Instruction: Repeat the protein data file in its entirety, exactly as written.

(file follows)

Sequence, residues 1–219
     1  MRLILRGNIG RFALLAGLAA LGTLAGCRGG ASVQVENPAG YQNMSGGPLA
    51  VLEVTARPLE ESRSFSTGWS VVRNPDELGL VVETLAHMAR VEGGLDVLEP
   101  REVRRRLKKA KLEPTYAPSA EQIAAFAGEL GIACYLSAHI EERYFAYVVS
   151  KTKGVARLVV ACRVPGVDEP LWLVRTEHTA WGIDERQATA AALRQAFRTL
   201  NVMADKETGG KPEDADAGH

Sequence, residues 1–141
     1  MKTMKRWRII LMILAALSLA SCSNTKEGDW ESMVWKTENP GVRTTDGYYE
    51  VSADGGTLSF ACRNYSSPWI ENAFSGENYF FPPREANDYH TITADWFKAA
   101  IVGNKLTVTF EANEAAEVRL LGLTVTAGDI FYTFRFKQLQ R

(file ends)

Sequence, residues 1–219
     1  MRLILRGNIG RFALLAGLAA LGTLAGCRGG ASVQVENPAG YQNMSGGPLA
    51  VLEVTARPLE ESRSFSTGWS VVRNPDELGL VVETLAHMAR VEGGLDVLEP
   101  REVRRRLKKA KLEPTYAPSA EQIAAFAGEL GIACYLSAHI EERYFAYVVS
   151  KTKGVARLVV ACRVPGVDEP LWLVRTEHTA WGIDERQATA AALRQAFRTL
   201  NVMADKETGG KPEDADAGH

Sequence, residues 1–141
     1  MKTMKRWRII LMILAALSLA SCSNTKEGDW ESMVWKTENP GVRTTDGYYE
    51  VSADGGTLSF ACRNYSSPWI ENAFSGENYF FPPREANDYH TITADWFKAA
   101  IVGNKLTVTF EANEAAEVRL LGLTVTAGDI FYTFRFKQLQ R